So after some celebration for Pia’s first reindeer…

… we got to the task of breaking down the animals.  You remove the head, the skin, the inside organs (expect for the liver – you keep that one to make pate (leverpostej)) , and any limbs that have little to no meat on them.

Then when the animal has been reduced to the viable and valuable parts (skeleton with meat on it), you fold it up in a way that makes it as compact as possible – i.e. the legs tuck into the ribcage – and then strap it to a carrying frame backpack to carry back to the boat.

Pia and Ulrik carried the adult, and I carried the small calf.  Since the calf was small enough, it did not need to be folded into a backpack; instead I just carried it around my shoulders.  Actually, I had wanted very much to carry a hunted animal like this! I had seen many other Greenlanders’ pictures on Facebook like this, and I wanted one like it, too! To me, it just looks really badass! The only thing that could have made it more badass was for me to shoot the animal myself 😉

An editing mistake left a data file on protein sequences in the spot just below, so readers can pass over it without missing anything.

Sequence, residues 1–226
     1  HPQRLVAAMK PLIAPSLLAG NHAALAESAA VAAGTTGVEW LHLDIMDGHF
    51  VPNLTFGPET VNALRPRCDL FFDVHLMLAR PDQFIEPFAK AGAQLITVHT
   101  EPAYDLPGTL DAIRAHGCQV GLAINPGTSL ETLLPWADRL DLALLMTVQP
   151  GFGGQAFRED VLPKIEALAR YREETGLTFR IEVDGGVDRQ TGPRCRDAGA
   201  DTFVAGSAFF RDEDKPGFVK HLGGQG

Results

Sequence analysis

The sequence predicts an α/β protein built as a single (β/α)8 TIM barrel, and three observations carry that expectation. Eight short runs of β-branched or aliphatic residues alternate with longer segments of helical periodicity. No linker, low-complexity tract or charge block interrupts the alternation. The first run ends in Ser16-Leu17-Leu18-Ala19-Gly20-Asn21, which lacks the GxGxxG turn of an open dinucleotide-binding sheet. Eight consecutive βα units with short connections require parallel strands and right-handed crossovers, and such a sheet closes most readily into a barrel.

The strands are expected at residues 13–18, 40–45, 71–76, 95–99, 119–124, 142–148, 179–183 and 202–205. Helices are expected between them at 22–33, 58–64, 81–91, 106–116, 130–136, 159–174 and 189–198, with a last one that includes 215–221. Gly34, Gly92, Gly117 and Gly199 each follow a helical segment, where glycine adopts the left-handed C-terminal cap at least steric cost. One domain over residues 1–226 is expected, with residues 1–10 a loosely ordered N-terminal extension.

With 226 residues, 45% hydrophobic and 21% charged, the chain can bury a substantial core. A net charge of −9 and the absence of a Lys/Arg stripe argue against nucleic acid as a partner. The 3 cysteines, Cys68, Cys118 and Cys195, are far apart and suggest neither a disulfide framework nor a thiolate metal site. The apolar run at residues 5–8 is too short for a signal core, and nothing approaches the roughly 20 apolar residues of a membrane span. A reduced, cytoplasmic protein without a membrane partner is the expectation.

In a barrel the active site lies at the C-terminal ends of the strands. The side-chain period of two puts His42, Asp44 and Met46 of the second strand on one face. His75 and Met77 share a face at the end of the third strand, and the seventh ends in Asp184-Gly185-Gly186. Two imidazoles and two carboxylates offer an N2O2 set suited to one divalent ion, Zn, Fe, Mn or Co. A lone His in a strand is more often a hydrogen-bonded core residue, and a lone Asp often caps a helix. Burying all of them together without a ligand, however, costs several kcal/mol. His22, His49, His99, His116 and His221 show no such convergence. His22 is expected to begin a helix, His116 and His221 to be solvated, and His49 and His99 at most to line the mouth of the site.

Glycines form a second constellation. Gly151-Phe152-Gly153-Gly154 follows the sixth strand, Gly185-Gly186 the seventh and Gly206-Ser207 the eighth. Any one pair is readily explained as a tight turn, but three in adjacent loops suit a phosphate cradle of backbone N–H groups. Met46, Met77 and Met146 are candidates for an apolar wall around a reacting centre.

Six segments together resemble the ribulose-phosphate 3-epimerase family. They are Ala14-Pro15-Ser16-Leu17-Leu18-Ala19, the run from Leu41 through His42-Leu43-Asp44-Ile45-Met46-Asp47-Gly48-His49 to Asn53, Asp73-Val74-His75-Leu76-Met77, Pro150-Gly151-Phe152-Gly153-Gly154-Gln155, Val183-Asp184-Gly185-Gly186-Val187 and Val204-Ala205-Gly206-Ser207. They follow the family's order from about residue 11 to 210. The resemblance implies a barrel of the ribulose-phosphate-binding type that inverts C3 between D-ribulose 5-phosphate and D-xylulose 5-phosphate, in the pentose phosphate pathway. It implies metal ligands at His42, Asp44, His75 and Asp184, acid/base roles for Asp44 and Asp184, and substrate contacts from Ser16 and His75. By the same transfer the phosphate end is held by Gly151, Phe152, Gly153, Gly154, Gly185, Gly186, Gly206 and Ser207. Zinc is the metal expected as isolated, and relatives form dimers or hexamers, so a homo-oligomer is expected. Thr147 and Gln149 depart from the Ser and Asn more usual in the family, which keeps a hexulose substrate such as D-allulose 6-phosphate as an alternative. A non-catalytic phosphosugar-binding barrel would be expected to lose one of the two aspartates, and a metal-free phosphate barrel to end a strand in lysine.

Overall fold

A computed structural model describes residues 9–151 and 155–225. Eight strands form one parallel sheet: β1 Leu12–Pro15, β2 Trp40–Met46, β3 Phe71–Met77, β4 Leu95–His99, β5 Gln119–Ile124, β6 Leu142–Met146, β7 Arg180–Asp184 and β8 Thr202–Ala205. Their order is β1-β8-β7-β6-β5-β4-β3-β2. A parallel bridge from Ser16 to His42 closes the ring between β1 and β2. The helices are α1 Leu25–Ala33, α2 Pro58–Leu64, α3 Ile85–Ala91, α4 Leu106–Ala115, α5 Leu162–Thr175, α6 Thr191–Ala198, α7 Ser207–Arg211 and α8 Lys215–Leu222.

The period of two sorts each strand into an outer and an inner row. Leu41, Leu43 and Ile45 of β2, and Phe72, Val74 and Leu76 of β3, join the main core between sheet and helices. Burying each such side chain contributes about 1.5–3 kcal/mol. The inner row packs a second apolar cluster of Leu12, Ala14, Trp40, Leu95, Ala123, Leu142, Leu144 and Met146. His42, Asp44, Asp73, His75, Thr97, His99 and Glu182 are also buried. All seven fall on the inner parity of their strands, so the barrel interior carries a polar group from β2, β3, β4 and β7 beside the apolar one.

So, after we strapped and hoisted the animals to our backs, we made the walk back to the boat.  Pia and Ulrik’s animals were pretty sizeable, so we took frequent breaks to drink water and refuel.

We had to take two dinghy trips back to the boat this time because of the extra weight of the animals.  So Ulrik took Pia, Aviaja, and Kasik back to the boat first, while I waited on shore with the animals.  Then Ulrik came back for me.  It was a little bit funny looking – the animals packed tightly into backpacks and riding in the dinghy.  Almost like fellow passengers!